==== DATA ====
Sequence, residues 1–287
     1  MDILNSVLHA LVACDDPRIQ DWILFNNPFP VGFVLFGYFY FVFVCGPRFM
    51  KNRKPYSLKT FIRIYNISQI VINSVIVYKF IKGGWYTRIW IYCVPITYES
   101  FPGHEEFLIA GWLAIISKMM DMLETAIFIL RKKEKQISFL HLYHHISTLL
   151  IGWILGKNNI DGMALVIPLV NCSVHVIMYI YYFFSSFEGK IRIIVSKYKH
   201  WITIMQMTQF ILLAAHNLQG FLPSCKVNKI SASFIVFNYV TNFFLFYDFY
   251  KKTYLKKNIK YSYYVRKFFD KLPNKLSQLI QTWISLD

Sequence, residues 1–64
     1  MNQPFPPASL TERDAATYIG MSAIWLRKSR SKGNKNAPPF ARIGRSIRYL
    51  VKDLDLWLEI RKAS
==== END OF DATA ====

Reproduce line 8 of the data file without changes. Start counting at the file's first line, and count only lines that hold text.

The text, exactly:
Sequence, residues 1–64